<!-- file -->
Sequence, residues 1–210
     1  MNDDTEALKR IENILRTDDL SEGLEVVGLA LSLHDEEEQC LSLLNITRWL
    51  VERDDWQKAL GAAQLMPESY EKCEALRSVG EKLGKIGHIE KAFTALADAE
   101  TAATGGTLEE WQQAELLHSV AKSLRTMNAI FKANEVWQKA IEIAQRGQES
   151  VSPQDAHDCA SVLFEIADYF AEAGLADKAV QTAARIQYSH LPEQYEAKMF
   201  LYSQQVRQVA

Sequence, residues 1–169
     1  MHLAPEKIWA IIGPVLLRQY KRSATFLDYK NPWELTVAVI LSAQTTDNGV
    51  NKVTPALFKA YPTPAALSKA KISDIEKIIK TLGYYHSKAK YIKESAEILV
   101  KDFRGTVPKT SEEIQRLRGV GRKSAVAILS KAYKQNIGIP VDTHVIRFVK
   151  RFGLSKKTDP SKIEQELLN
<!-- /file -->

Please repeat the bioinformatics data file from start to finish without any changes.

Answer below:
Sequence, residues 1–210
     1  MNDDTEALKR IENILRTDDL SEGLEVVGLA LSLHDEEEQC LSLLNITRWL
    51  VERDDWQKAL GAAQLMPESY EKCEALRSVG EKLGKIGHIE KAFTALADAE
   101  TAATGGTLEE WQQAELLHSV AKSLRTMNAI FKANEVWQKA IEIAQRGQES
   151  VSPQDAHDCA SVLFEIADYF AEAGLADKAV QTAARIQYSH LPEQYEAKMF
   201  LYSQQVRQVA

Sequence, residues 1–169
     1  MHLAPEKIWA IIGPVLLRQY KRSATFLDYK NPWELTVAVI LSAQTTDNGV
    51  NKVTPALFKA YPTPAALSKA KISDIEKIIK TLGYYHSKAK YIKESAEILV
   101  KDFRGTVPKT SEEIQRLRGV GRKSAVAILS KAYKQNIGIP VDTHVIRFVK
   151  RFGLSKKTDP SKIEQELLN